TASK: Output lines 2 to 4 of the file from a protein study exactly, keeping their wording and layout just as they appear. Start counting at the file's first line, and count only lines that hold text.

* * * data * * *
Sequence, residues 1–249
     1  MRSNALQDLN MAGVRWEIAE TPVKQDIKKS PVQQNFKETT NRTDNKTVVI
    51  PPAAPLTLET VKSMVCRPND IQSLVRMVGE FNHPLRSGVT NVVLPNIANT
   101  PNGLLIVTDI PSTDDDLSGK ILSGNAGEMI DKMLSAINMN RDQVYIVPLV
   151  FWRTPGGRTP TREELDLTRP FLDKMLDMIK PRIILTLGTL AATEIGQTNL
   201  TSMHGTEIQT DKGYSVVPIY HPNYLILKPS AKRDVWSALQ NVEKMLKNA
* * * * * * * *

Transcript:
     1  MRSNALQDLN MAGVRWEIAE TPVKQDIKKS PVQQNFKETT NRTDNKTVVI
    51  PPAAPLTLET VKSMVCRPND IQSLVRMVGE FNHPLRSGVT NVVLPNIANT
   101  PNGLLIVTDI PSTDDDLSGK ILSGNAGEMI DKMLSAINMN RDQVYIVPLV